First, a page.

It’s hard to believe that the Americans with Disabilities Act was only passed 25 years ago. Where would we be without this legislation? Then again, the more I exist in the world as a person with a disability, I continue to be astonished by how little progress has been made to provide opportunities for everyone.  Sure, we have the things I listed above:  separate bathrooms, electric door openers, disability parking, ramps in most places, elevators in some spaces…There are so many more things that could be done to provide the differentiation many of us need in order to be “equal”.   When was the last time you heard about something new being invented, with the intention of providing opportunities in public spaces to those of us with disabilities?   In my 5 1/2 years of having Cervical Dystonia, I haven’t heard of one new advancement.  Why is that?  Every day is a struggle, and there must be a government organization that is supposed to be dedicated to creating solutions.  If so, what have they done for us lately?  If not, why doesn’t it exist?

My moral compass is very strong, and I have a hard time understanding why so many people oppose “equality” for all. Which is why WE need to educate our fellow citizens, our family, our friends, our pastors, our business communities…Because the truth is, they probably don’t know that we aren’t getting the same opportunities as everyone else when certain situations arise. Once again, we have to tell them! How else will they learn? Accepting unfair treatment isn’t fair to you, and it isn’t fair to all of the people walking in shoes very similar to yours who need you to speak up.

However, there will unfortunately be those people who choose to be complacent and accept having fewer opportunities than they deserve. If you’re like me, though, your eyes are open much wider to the fact that advocating for the same opportunities as everyone else is going to help everyone. This is not a selfish act. It is a way to open others’ eyes to the fact that solutions for creating equality will have to look and sound different. Stay tuned for Part 3 to hear about a recent event in my life that surprisingly brought this need for differentiation to light.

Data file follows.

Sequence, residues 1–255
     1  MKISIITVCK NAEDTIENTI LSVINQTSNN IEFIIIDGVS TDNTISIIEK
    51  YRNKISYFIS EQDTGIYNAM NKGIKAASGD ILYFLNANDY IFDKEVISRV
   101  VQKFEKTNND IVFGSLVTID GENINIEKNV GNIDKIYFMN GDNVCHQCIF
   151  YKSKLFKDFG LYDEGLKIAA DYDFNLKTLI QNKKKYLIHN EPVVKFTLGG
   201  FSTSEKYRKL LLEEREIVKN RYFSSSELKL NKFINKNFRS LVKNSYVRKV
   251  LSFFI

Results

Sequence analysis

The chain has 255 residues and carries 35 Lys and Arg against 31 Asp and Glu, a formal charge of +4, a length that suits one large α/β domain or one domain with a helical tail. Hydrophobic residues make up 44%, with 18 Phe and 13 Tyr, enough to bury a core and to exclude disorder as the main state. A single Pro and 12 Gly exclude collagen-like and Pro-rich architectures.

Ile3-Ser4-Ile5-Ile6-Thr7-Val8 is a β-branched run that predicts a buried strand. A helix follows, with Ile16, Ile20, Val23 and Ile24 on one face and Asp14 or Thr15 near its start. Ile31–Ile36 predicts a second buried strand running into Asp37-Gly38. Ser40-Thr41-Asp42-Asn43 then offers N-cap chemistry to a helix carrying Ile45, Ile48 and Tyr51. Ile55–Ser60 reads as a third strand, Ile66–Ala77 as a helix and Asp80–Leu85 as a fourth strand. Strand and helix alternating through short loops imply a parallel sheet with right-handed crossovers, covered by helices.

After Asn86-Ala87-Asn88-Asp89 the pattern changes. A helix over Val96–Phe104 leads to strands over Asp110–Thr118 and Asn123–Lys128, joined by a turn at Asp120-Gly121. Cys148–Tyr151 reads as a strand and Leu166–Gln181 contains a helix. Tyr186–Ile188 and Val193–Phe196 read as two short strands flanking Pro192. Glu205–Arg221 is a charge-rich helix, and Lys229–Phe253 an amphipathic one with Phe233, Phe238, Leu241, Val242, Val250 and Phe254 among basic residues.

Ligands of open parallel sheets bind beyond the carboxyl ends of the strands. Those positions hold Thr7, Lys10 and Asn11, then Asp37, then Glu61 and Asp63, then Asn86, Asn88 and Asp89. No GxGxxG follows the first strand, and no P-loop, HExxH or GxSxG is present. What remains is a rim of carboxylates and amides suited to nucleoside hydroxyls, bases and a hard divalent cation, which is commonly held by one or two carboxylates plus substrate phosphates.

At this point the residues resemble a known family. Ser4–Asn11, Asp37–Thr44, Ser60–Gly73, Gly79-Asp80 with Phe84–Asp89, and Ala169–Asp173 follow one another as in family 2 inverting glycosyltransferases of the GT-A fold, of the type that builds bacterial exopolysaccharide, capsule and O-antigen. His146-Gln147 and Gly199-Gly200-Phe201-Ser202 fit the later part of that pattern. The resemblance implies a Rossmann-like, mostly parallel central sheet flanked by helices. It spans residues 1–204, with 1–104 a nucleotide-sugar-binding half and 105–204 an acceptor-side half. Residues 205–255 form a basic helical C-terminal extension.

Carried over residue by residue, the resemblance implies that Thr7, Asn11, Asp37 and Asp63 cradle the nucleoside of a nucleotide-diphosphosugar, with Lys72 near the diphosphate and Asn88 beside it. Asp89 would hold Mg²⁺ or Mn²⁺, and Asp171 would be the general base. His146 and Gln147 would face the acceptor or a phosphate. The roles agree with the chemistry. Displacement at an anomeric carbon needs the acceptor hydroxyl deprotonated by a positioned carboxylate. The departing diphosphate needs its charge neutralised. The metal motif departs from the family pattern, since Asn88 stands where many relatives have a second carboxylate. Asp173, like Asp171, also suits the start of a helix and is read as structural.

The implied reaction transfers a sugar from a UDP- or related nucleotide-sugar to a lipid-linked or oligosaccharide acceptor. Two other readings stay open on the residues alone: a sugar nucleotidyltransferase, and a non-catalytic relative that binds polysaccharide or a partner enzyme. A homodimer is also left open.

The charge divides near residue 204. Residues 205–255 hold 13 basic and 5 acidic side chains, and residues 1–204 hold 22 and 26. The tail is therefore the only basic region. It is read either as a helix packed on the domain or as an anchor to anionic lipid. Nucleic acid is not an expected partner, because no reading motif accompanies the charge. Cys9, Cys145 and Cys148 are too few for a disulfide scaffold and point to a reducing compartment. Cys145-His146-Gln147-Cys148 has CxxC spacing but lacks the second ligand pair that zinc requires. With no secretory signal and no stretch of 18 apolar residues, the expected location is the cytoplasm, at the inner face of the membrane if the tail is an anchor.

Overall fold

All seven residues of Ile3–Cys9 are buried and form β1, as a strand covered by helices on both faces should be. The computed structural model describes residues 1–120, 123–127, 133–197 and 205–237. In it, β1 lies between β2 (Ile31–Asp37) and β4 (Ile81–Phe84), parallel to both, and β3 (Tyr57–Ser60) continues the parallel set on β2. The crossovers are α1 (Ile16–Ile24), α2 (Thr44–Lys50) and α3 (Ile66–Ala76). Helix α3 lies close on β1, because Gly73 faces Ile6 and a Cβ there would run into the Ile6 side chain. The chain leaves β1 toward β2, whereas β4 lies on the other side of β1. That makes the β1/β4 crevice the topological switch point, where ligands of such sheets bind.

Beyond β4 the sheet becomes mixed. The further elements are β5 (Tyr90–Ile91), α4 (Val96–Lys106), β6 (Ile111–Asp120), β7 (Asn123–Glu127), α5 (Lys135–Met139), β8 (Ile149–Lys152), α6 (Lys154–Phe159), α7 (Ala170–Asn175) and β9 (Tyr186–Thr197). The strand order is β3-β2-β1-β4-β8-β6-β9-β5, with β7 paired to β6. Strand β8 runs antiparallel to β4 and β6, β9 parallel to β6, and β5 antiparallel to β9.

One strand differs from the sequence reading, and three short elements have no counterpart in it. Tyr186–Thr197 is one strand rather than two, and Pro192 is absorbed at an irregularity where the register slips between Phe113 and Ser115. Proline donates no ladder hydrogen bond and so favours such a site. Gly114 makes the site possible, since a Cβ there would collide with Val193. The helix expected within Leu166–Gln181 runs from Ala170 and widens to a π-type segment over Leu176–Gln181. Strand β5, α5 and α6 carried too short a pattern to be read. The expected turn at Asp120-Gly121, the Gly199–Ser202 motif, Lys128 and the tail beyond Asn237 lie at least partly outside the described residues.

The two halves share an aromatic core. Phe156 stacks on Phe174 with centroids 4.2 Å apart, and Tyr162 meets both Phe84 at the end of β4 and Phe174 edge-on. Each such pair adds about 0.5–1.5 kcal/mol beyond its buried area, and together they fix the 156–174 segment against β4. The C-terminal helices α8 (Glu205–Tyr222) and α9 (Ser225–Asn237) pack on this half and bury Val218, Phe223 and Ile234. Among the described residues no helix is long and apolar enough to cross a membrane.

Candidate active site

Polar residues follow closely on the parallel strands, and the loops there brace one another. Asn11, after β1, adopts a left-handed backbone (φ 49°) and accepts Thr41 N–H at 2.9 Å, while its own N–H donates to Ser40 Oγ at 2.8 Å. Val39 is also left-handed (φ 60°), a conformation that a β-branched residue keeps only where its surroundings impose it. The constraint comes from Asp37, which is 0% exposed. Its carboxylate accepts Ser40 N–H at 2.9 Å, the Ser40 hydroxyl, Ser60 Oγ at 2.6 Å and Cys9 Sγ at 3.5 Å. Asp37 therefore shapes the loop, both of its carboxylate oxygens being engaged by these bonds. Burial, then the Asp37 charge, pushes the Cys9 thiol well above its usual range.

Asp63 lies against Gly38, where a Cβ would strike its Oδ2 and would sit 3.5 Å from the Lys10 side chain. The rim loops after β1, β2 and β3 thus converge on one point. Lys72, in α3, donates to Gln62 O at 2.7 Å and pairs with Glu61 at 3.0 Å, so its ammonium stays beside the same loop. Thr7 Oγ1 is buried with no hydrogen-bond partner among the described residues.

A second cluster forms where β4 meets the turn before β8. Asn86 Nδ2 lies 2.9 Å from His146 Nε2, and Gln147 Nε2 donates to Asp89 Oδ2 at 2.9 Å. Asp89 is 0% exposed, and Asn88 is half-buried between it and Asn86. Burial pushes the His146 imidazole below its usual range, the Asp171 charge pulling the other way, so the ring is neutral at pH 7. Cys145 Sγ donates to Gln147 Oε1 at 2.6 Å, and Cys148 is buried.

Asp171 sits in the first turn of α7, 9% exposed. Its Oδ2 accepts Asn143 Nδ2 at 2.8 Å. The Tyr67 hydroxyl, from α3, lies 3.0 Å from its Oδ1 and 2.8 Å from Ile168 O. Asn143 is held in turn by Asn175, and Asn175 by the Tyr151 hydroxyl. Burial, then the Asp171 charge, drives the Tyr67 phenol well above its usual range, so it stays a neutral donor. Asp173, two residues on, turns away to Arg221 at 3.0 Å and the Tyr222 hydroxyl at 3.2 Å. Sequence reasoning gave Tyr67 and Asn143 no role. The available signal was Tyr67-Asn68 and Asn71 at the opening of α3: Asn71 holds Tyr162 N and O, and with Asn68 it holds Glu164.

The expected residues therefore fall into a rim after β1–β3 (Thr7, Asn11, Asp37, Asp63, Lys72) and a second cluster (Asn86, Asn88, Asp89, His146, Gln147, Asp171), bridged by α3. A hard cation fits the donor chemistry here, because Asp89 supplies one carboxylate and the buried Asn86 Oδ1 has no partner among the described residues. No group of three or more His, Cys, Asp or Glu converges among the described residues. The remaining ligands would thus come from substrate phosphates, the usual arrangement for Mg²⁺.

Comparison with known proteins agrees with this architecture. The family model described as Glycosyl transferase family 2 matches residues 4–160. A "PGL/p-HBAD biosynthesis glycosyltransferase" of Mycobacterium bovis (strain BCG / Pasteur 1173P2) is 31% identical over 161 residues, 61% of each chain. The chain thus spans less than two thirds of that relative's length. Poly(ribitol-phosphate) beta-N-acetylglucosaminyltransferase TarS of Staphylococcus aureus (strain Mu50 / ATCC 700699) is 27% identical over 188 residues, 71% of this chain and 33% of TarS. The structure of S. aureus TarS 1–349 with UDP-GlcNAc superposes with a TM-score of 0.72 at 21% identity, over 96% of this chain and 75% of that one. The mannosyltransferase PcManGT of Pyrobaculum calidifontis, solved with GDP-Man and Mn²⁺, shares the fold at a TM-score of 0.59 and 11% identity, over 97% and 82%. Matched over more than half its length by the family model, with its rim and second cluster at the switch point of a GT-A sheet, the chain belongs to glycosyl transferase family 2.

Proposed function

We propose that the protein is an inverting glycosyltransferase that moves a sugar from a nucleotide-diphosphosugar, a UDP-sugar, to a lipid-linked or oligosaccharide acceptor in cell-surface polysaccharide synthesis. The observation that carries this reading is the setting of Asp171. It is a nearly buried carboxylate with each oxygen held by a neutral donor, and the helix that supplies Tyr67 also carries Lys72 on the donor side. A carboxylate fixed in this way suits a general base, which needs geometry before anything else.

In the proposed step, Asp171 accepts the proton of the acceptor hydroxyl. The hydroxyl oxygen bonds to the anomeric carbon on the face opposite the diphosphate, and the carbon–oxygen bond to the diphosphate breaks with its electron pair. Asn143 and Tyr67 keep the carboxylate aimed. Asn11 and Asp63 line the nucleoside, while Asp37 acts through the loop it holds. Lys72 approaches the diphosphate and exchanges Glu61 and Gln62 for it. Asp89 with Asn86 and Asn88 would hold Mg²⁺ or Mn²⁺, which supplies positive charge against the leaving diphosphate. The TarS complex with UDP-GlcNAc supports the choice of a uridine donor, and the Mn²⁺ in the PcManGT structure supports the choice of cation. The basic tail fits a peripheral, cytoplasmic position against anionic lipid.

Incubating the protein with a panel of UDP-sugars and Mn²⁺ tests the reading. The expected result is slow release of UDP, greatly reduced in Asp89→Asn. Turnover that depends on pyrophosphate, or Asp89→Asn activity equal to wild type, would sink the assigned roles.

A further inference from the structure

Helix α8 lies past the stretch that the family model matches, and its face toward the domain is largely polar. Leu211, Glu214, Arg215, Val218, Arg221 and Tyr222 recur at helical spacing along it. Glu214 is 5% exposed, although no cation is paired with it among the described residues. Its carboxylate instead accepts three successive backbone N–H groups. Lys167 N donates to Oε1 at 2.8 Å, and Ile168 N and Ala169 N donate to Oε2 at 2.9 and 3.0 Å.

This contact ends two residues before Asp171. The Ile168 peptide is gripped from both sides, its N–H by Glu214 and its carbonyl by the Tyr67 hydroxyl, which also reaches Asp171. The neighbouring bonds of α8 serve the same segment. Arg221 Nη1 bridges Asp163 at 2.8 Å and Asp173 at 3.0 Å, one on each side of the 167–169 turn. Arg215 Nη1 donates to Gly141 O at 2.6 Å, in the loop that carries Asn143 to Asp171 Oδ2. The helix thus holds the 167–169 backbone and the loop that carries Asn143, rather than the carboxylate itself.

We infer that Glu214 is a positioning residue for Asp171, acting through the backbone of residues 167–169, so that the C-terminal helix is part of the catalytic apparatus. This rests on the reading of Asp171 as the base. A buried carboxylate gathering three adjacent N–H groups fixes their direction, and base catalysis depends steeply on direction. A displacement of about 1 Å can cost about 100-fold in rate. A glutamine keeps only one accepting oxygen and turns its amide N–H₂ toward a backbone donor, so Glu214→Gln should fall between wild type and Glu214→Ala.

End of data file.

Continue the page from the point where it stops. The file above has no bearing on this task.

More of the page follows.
3 thoughts on “Being There, Part 2

    1. You’re right, Sue Ann. If we are ideally supposed to be meeting the needs of every child in our classrooms, why should that change once they go out into the world? It doesn’t make any sense. I know it’s a huge concept to grasp, but something has to change in my opinion.


  1. You are so right. Most people never realize the needs that others have unless our eyes are opened by someone such as yourself. Thank you! It was not too long ago that curbs were sloped to accommodate wheel chairs and walkers. But when I was pushing Uncle Tom in his wheelchair I was so thankful to find those curbs that were sloped. Lately I have been transporting a friend who needs a walker and can not lift her leg to go from the street to the sidewalk. We are so happy to find sidewalks that slope. Michelle, keep opening our eyes to the needs of others.